Re: Status of the Rutland (was Hoppers to and From Canada)


Tim Gilbert <tgilbert@...>
 

englishintroy wrote:

--- In STMFC@..., Richard Hendrickson <rhendrickson@o...>
wrote:
The fact is that the Rutland
WAS "an obscure northeastern short line."

Richard, shortline devotees will tell you that the Rutland was far too
big of a railroad to qualify as a shortline at all, but others of more
flexible sensibility might accept it to say that the Rutland was
a "MAJOR northeastern short line".

IMO, the most accurate summation would be to describe the Rutland as
an "obscure northeastern Class I", which is a fact and what makes the
road attractive to me. Were it simply a shortline, I'd have no more
interest in it than any of the many other northeatsern shortlines.

Finally, to bore a few you still more, but to relate at least a little
to freight cars, the Rutland, having been once corporately related to
the vast New York Central, possessed many freight cars that were exact
duplicates of NYC's cars. This is something no shortline could claim.
In 1922, the six New England governors were alarmed at the state of the railroads in New England which were mainly an operating disaster. Their concerns were that the regional economy would collapse. Thus they did what all politicians do - set up a committee to define the problem and, then, make recommendations. The "New England Governors' Commission for a Comprehensive Transportation Policy" (gratefully shortened to the "Storrow Commission" ) issued two reports of which I am aware - in June 1923 and May 1931.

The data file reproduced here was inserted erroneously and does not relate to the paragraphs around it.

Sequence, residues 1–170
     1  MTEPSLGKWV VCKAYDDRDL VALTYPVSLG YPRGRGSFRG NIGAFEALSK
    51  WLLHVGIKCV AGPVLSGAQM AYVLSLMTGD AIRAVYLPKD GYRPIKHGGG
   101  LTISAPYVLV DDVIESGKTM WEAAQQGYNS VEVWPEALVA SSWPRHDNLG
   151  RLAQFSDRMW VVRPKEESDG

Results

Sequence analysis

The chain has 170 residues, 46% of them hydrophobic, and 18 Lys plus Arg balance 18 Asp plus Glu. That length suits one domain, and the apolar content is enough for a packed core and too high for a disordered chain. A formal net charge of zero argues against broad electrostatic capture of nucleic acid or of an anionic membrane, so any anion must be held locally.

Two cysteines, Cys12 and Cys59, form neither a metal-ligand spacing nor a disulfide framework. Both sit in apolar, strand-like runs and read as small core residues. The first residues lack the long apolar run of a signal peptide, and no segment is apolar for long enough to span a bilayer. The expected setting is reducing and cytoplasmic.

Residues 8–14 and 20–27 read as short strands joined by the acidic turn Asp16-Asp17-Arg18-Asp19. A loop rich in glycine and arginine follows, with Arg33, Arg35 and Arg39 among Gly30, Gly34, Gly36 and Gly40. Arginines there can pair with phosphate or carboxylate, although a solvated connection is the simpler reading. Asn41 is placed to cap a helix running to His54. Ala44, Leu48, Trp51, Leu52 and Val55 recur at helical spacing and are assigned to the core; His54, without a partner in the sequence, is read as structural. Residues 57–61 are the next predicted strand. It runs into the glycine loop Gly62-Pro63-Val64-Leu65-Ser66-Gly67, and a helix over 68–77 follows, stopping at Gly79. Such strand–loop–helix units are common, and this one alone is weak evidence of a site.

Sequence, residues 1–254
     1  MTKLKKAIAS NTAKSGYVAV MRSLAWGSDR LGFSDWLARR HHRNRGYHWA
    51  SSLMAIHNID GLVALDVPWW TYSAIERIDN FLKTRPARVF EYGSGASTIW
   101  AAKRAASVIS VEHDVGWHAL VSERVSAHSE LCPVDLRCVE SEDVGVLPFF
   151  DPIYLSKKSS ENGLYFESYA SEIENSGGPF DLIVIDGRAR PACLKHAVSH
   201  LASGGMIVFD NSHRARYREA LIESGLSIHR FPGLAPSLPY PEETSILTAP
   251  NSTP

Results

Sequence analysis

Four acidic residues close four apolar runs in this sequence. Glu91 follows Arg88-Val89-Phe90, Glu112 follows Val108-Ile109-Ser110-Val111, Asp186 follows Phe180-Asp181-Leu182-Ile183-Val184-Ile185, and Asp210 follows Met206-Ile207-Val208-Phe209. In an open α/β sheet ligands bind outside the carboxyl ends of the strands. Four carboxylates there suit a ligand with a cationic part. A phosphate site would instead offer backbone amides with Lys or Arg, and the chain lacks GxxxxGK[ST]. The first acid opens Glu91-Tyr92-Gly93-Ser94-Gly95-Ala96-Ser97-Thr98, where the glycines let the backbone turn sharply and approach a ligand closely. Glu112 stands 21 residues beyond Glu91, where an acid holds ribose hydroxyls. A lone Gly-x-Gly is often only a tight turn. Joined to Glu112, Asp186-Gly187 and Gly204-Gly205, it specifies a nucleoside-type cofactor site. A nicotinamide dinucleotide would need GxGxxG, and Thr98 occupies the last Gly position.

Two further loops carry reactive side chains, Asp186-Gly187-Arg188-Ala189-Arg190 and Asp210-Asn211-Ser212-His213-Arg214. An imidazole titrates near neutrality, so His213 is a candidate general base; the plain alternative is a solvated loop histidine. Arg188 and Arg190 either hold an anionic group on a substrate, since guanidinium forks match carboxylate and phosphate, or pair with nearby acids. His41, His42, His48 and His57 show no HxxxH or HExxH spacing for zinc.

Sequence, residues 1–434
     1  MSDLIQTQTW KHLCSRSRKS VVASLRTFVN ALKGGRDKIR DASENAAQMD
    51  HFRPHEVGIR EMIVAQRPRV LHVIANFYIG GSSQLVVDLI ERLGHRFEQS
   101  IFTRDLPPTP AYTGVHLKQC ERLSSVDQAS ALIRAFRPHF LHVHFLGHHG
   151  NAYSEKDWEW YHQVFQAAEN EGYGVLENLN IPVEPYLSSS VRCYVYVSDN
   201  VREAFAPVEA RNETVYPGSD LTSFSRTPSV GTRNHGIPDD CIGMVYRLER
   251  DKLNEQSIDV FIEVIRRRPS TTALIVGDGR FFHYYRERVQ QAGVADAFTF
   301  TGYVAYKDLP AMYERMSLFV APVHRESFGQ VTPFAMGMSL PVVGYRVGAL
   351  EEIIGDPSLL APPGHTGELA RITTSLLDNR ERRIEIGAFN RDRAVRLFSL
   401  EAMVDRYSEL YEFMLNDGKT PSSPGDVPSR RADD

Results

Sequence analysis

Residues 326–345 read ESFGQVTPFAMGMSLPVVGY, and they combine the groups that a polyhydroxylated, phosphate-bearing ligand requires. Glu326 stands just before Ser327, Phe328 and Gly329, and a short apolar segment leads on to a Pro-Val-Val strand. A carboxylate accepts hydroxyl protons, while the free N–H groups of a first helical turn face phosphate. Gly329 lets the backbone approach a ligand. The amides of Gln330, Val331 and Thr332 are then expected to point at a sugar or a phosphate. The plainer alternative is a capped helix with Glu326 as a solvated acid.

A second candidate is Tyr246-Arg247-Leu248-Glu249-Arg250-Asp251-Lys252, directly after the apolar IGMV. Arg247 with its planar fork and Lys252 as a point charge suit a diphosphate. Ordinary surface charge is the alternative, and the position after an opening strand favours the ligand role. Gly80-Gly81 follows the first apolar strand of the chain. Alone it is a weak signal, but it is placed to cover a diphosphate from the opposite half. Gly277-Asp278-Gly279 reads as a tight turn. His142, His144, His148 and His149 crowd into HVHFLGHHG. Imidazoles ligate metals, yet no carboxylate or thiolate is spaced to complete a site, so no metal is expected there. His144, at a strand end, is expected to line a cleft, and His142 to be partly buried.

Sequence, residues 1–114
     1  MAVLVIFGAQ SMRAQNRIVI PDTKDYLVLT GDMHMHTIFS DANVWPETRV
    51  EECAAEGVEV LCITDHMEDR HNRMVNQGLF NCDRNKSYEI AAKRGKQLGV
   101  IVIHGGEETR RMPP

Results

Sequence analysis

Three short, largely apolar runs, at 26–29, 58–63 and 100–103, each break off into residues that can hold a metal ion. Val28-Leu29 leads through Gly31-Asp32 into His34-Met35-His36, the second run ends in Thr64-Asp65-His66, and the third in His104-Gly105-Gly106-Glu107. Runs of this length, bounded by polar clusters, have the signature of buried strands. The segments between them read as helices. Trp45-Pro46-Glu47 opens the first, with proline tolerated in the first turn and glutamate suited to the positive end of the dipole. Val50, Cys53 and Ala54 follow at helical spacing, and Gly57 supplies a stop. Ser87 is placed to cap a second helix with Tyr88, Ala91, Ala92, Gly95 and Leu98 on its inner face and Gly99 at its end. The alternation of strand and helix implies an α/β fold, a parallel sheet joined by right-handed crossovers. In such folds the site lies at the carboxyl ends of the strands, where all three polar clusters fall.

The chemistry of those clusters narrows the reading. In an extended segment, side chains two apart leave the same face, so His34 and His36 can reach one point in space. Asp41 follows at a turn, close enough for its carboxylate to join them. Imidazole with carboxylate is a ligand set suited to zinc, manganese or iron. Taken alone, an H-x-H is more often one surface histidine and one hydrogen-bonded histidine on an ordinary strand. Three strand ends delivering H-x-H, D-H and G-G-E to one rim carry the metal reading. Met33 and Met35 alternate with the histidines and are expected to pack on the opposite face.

While the Storrow Commission could define the roles of all the Class I Railroads in New England, they gave up trying define the role of the Rutland which was half owned by the NYC and half owned by the New Haven. The Rutland was a step child.

Thus, financiers were unwilling to lend the Rutland to upgrade their property while massive amounts of funds became available to both the New Haven and B&M to modernize their properties. The results of the modernization of the B&M was to decrease freight train miles by 21% and freight train hours 31% between 1925 and 1929 while total freight car miles increased 6% and revenue ton miles increased only 1% in the same period. The Rutland's freight car miles decreased 15% (no RUT freight train hour data available) while total car miles decreased 5% and revenue ton miles 7% in the same 1925-29 period. The B&M had increases in car and revenue ton miles with a greater decrease in train miles than the Rutland which had declines in both car miles and revenue ton miles.

While the Rutland tried to remain a through car line up until its end in 1961, it consistently lost "market share" despite having a very aggressive sales forces after WW II.

Tim Gilbert

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